The Miller School was established in 2015 thanks to a commitment of $5 million by CAPTRUST CEO Fielding Miller and his wife, Kim Grice Miller. It serves as a regional hub for preparing students to take an entrepreneurial mindset and skillset into their communities.

Since 2015, the Miller School has implemented numerous programs that have served as a catalyst for regional transformation.

In 2017, the Miller School kicked off the annual Pirate Entrepreneurship Challenge , the signature business pitch competition for ECU student teams. Cash and prizes for the contest have grown from more than $15,000 in the first year to this year’s $100,000 purse. Past winners have created jobs and are experiencing more than $1 million in sales.

Additional multimillion dollar gifts have led to the establishment of the Van (’85) and Jennifer Isley Innovation Building that when completed will house the Miller School and provide space where any ECU student can collaborate on product innovation and entrepreneurship. The Crisp Small Business Resource Center opened earlier this year and will provide access to best practices and proven knowledge for ECU students and area entrepreneurs who plan to start or sustain enterprises in eastern North Carolina. The center was made possible thanks to a gift from Matt (’93) and Kim Crisp.

ECU ranked on the Princeton Review’s Best 385 Colleges, Best Southeastern Colleges and Green Colleges 2019 lists.

Princeton Review tallied the 2020 lists based on a 2019 survey of administrators from 300 schools with offerings in entrepreneurship studies. More than 40 data points were analyzed for the ranking list tallies. Topics on the 60-question survey included: the percentage of faculty, students, and alumni actively and successfully involved in entrepreneurial endeavors; the number and reach of mentorship programs, scholarships and grants for entrepreneurial studies; and the level of support for school-sponsored business plan competitions.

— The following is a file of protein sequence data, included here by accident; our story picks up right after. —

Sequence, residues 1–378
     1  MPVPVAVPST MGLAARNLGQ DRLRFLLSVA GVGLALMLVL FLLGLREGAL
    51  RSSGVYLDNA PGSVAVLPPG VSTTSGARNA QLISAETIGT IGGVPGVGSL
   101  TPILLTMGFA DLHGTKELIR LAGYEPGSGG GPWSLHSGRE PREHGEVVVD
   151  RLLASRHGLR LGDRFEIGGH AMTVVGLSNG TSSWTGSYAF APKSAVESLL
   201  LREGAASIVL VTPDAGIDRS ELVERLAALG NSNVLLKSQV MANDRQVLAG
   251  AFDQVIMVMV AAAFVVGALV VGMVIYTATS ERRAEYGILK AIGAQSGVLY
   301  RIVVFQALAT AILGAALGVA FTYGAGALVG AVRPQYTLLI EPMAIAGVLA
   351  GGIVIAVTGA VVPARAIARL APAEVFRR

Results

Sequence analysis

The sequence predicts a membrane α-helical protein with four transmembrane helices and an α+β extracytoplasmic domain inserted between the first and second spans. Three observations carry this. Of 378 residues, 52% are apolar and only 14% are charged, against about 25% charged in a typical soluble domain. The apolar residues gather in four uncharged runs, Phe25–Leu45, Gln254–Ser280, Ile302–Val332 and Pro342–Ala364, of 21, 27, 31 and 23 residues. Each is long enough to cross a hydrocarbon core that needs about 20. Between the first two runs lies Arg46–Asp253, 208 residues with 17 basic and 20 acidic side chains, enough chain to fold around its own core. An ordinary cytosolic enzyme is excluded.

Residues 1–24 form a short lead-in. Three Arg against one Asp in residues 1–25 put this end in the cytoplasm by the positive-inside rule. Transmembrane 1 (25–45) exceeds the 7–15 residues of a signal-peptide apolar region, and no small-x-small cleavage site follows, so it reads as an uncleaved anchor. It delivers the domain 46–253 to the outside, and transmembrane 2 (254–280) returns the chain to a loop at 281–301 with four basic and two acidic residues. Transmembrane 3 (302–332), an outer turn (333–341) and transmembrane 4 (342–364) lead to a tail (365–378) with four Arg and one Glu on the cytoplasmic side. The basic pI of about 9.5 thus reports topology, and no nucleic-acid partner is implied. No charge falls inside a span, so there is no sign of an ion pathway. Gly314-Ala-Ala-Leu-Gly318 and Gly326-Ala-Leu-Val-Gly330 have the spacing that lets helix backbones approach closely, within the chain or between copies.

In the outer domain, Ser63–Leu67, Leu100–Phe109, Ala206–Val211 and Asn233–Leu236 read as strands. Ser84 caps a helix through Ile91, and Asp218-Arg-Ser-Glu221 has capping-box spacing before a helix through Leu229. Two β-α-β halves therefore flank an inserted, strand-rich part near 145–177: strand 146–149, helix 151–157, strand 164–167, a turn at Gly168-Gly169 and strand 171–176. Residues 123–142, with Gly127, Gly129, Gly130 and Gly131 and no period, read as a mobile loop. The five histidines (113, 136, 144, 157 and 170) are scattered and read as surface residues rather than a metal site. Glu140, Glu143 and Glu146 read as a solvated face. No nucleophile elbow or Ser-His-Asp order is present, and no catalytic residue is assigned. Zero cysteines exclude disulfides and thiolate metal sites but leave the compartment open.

ECU alumna Beth Grant channels her inner cat lady

Actress Beth Grant has enjoyed impressive longevity in her Hollywood career, with appearances in more than 100 movies and TV shows. You’ll know her as nurse Beverly in “The Mindy Project,” Gracie Leigh in “Jericho,” the uppity pageant official in “Little Miss Sunshine” and Dwight’s date/babysitter in the dinner party episode of “The Office.” She also appeared in three Oscar-winning movies: “Rain Man,” “No Country for Old Men” and “The Artist.”

Grant, who received a degree in theatre arts from ECU in 1972, calls Wilmington her hometown and Greenville her “second hometown.”

“I have wonderful memories about ECU and about Greenville itself,” she said.

Her latest TV role is one of her strangest: a cat lady (literally) on Hulu’s new series “Dollface.” The show, released on the streaming platform in November, stars Kat Jennings (“2 Broke Girls”) as Jules, a woman recently dumped by her boyfriend who is trying to rekindle her female friendships. Grant plays an anthropomorphic cat that serves as a spirit guide of sorts to Jules.

For the full interview with Grant visit the ECU Now blog.